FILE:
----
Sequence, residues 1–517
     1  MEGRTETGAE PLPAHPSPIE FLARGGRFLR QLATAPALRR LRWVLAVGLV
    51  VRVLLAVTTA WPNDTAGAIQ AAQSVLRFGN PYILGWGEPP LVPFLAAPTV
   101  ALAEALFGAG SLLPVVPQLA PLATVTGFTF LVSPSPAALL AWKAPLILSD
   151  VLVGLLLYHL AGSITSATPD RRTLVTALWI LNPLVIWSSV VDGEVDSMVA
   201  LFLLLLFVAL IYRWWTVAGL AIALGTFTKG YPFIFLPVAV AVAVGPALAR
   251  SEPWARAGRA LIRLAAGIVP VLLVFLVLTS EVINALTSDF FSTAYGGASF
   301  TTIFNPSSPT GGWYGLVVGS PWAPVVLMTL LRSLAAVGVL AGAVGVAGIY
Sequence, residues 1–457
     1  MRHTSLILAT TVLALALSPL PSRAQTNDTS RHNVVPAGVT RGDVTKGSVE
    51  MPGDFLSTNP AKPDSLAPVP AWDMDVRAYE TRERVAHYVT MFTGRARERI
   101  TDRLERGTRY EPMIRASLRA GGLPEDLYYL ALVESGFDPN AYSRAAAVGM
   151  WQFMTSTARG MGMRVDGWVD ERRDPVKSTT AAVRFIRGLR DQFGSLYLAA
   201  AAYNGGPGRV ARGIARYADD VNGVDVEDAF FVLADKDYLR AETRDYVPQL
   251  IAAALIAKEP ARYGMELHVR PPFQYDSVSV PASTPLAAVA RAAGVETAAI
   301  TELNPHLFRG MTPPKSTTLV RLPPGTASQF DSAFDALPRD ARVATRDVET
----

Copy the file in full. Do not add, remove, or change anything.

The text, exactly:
Sequence, residues 1–517
     1  MEGRTETGAE PLPAHPSPIE FLARGGRFLR QLATAPALRR LRWVLAVGLV
    51  VRVLLAVTTA WPNDTAGAIQ AAQSVLRFGN PYILGWGEPP LVPFLAAPTV
   101  ALAEALFGAG SLLPVVPQLA PLATVTGFTF LVSPSPAALL AWKAPLILSD
   151  VLVGLLLYHL AGSITSATPD RRTLVTALWI LNPLVIWSSV VDGEVDSMVA
   201  LFLLLLFVAL IYRWWTVAGL AIALGTFTKG YPFIFLPVAV AVAVGPALAR
   251  SEPWARAGRA LIRLAAGIVP VLLVFLVLTS EVINALTSDF FSTAYGGASF
   301  TTIFNPSSPT GGWYGLVVGS PWAPVVLMTL LRSLAAVGVL AGAVGVAGIY
Sequence, residues 1–457
     1  MRHTSLILAT TVLALALSPL PSRAQTNDTS RHNVVPAGVT RGDVTKGSVE
    51  MPGDFLSTNP AKPDSLAPVP AWDMDVRAYE TRERVAHYVT MFTGRARERI
   101  TDRLERGTRY EPMIRASLRA GGLPEDLYYL ALVESGFDPN AYSRAAAVGM
   151  WQFMTSTARG MGMRVDGWVD ERRDPVKSTT AAVRFIRGLR DQFGSLYLAA
   201  AAYNGGPGRV ARGIARYADD VNGVDVEDAF FVLADKDYLR AETRDYVPQL
   251  IAAALIAKEP ARYGMELHVR PPFQYDSVSV PASTPLAAVA RAAGVETAAI
   301  TELNPHLFRG MTPPKSTTLV RLPPGTASQF DSAFDALPRD ARVATRDVET